4. The opto-isolator's LED injects current into the Base of the NPN photo-transistor, causing current to flow from its collector to its emitter - as do all (most) opto-isolators.

  5. A pullup resistor is connected between the RPi 3V3 bus and the collector terminal of the opto-isolator. One may use the GPIO's internal pullup by configuring it in their code, or use an external pullup.

Analysis of circuit

To help you understand how this works, several graphs are shown below depicting some of the voltages and currents in the circuit. Note that this is a transient analysis performed in LTSpice, and you're seeing the circuit responses starting at t=0 - the time at which the switch (reed switch?) closes and connects the 50VAC to the interface circuit:

LTSpice transient responses

Some notes re the graphs from top to bottom:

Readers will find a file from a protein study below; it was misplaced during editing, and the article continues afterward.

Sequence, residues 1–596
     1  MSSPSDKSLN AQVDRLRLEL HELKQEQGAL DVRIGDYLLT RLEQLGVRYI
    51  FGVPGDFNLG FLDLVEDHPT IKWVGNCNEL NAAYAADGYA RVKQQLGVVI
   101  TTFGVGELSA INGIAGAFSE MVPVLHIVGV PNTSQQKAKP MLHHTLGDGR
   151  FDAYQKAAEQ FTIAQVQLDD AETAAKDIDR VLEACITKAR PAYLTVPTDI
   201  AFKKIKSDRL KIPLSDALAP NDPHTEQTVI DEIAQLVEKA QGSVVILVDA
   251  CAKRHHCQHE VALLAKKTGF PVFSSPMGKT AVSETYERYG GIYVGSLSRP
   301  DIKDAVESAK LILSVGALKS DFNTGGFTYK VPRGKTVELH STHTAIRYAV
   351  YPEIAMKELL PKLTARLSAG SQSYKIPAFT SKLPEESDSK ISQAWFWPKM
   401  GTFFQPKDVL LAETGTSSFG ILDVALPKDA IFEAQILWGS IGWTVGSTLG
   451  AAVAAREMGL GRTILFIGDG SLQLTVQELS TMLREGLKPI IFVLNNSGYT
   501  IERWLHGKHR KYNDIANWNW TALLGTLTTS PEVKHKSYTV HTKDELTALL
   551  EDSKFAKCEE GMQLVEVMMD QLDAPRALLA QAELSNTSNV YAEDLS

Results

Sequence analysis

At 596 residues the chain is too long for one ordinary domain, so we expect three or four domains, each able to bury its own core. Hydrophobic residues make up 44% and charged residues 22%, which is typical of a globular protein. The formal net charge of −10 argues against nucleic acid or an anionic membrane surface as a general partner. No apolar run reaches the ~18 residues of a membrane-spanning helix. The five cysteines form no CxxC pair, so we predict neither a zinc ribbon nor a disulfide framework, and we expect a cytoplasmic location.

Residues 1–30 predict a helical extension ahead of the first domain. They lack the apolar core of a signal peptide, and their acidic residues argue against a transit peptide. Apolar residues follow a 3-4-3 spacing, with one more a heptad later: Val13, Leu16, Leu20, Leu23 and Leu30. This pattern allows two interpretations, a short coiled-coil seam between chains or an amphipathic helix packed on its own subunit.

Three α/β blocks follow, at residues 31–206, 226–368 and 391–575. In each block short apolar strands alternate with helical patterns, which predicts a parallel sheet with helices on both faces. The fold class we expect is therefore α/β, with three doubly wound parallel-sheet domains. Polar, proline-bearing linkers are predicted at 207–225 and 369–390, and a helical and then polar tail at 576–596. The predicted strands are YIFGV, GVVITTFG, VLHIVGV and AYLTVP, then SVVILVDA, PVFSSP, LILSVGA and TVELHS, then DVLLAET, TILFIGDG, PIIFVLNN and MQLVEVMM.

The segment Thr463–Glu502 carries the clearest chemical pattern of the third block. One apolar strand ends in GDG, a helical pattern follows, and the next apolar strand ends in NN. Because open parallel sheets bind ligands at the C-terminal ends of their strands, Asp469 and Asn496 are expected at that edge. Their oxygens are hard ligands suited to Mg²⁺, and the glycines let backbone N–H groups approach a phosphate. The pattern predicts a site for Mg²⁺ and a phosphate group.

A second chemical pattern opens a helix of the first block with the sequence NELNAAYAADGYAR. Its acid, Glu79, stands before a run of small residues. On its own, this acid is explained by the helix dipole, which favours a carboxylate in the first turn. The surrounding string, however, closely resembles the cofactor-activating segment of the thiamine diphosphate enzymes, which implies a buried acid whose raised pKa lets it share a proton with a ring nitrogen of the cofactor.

Green is the 50VAC signal showing a range of -50V to +50V
Red is the current flowing through the diode D1

Green-ish is the voltage at C1 (Vi2) - the voltage across the LED in the opto-coupler
Purple-ish is the current flowing into the LED in the opto-coupler

The trace here shows the signal that can be fed to the GPIO pin you choose. The 50K𝛀 pullup resistor is assumed to be an internal pullup - so you'll need to verify that the GPIO pin you choose as the input is configured properly.

  • 1
    @RockWest: I'm happy it helped. Please do me a favor, and read this short piece from the Help section of Stack Exchange.
    – Seamus
    Commented Jun 27, 2021 at 4:11

You have been told this is an EE question but some problems; opto isolators/ LEDs have a very low reverse rating (6V) and need protection.
You will have a 50/60Hz pulsed output which needs filtering.
Both of these can be minimised with a bridge.

I would use something like the following with a 4N28 opto isolator as a generic AC detector.
The values shown are not critical, but should be safe for 50V.


simulate this circuit – Schematic created using CircuitLab

There are more serious safety concerns about the original with mains potentials which would not apply to 50V.